Judge calls for 'legal high' ban after ambulance attack
A judge has said a so-called "legal high" should be banned after he jailed a man who attacked a paramedic while under its influence.
Martin Weston, 38, was on holiday in Torbay, Devon, when he took the substance Pandora's Box and became ill.
An ambulance was called and while in the vehicle Weston, from Henry Street, Bargoed, Wales, punched a paramedic twice, Exeter Crown Court heard.
Judge Francis Gilbert, QC jailed Weston for 12 months.
Weston admitted causing actual bodily harm to Vernon Watkin and common assault on ambulance driver Gemma Southcott.
Gordon Richings, prosecuting, said the ambulance was called to Barton Hill Road, Torquay, on 3 October and found Weston in a car where he was vomiting uncontrollably.
He said: "During the journey [to hospital] he got off the stretcher and told Mr Watkin he was going to 'rip his head off'. He became extremely aggressive and forced his arm to his throat before punching him twice on the jaw."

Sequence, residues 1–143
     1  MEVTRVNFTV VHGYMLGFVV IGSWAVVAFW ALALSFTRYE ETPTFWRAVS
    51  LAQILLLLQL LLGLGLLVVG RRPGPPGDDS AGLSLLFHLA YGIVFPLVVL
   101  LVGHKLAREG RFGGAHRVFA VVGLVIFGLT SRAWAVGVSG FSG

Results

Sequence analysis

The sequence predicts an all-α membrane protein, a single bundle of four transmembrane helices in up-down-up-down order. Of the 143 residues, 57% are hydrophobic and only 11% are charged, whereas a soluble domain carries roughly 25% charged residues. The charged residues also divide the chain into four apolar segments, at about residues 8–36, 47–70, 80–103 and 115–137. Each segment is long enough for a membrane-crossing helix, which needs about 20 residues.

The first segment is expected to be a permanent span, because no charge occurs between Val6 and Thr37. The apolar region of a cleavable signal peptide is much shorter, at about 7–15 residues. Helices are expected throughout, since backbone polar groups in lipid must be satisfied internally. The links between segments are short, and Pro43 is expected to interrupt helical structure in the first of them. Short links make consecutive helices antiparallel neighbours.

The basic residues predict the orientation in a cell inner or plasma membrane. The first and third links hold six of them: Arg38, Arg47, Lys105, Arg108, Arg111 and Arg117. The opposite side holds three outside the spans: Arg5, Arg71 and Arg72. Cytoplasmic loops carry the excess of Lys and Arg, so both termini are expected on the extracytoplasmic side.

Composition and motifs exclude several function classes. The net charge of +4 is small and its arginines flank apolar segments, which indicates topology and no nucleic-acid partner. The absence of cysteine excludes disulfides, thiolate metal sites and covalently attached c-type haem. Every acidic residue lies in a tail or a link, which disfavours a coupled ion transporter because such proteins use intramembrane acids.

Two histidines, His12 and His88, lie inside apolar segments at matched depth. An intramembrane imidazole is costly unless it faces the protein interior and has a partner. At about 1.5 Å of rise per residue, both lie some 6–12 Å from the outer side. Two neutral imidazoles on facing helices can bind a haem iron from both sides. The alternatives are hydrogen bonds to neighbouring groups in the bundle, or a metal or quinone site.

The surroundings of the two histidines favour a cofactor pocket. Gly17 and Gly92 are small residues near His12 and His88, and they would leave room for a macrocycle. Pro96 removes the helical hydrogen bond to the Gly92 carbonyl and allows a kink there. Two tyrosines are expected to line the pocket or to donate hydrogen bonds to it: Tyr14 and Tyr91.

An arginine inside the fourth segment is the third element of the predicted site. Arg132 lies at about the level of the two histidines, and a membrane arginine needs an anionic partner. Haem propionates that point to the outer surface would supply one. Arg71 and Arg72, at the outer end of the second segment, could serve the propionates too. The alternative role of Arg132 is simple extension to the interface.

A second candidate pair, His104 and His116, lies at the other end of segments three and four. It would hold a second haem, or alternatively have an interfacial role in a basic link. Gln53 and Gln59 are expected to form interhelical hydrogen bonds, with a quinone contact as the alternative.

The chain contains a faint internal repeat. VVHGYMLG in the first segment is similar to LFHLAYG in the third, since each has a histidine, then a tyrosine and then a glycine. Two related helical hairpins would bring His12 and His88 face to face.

Mr Richings said Weston refused to allow Mr Watkin to get out of the ambulance and he only escaped with the help of the driver who stopped and opened the rear door.
Weston kicked the driver and had to be restrained by both crew from running into traffic.
When the police arrived Weston told them he had no recollection of the episode.
Mr Richings returned to work the next day despite suffering a double dislocation of the jaw.
In court he made an impact statement saying it was the worst assault he had experienced in 31 years in the job.
Judge Francis Gilbert, QC, said: "I am told Pandora's Box causes agitation, paranoia, increased heart rate, altered consciousness and vomiting.
"I can only hope the government will make it illegal sooner rather than later and the shop [which sold him the substance] will have the sense to stop profiting from selling a substance that has such serious effects."
Miss Ceylan Bayram, defending, said "He is incredibly apologetic and describes Mr Watkin as a hero and asks me to thank him for stopping him from running into the road."
In a statement, Crime Prevention Minister Norman Baker, said: "I am determined to clamp down on the reckless trade in so-called 'legal highs', which has tragically claimed the lives of far too many young people in our country.
"Hundreds of 'legal highs' have already been banned."
Mr Baker said the government had launched a review to consider how current legislation can "be better tailored to enable the police and law enforcement officers to combat this dangerous trade and ensure law breakers are brought to justice."